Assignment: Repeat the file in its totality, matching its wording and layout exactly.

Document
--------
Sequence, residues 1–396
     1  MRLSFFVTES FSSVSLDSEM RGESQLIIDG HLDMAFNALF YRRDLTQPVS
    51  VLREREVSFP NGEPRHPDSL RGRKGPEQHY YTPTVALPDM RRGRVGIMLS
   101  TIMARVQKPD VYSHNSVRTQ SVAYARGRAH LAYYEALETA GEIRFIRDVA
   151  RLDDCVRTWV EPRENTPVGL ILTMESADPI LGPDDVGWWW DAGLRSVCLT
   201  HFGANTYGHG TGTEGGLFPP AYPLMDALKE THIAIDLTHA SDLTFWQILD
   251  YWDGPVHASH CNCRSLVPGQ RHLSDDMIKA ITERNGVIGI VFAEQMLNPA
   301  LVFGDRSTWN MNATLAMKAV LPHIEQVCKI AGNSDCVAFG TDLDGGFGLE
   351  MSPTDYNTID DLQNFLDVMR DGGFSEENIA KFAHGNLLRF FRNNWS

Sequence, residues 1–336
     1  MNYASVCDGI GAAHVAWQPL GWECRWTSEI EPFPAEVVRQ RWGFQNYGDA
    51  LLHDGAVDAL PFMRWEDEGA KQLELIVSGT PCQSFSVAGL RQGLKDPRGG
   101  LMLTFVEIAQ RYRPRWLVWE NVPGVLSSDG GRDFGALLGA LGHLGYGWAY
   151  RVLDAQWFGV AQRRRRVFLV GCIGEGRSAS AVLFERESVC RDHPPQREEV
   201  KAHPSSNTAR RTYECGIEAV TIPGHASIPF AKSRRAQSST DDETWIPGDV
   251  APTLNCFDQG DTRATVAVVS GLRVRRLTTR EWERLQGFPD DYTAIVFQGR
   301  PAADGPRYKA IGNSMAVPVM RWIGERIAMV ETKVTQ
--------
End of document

Sequence, residues 1–396
     1  MRLSFFVTES FSSVSLDSEM RGESQLIIDG HLDMAFNALF YRRDLTQPVS
    51  VLREREVSFP NGEPRHPDSL RGRKGPEQHY YTPTVALPDM RRGRVGIMLS
   101  TIMARVQKPD VYSHNSVRTQ SVAYARGRAH LAYYEALETA GEIRFIRDVA
   151  RLDDCVRTWV EPRENTPVGL ILTMESADPI LGPDDVGWWW DAGLRSVCLT
   201  HFGANTYGHG TGTEGGLFPP AYPLMDALKE THIAIDLTHA SDLTFWQILD
   251  YWDGPVHASH CNCRSLVPGQ RHLSDDMIKA ITERNGVIGI VFAEQMLNPA
   301  LVFGDRSTWN MNATLAMKAV LPHIEQVCKI AGNSDCVAFG TDLDGGFGLE
   351  MSPTDYNTID DLQNFLDVMR DGGFSEENIA KFAHGNLLRF FRNNWS

Sequence, residues 1–336
     1  MNYASVCDGI GAAHVAWQPL GWECRWTSEI EPFPAEVVRQ RWGFQNYGDA
    51  LLHDGAVDAL PFMRWEDEGA KQLELIVSGT PCQSFSVAGL RQGLKDPRGG
   101  LMLTFVEIAQ RYRPRWLVWE NVPGVLSSDG GRDFGALLGA LGHLGYGWAY
   151  RVLDAQWFGV AQRRRRVFLV GCIGEGRSAS AVLFERESVC RDHPPQREEV
   201  KAHPSSNTAR RTYECGIEAV TIPGHASIPF AKSRRAQSST DDETWIPGDV
   251  APTLNCFDQG DTRATVAVVS GLRVRRLTTR EWERLQGFPD DYTAIVFQGR
   301  PAADGPRYKA IGNSMAVPVM RWIGERIAMV ETKVTQ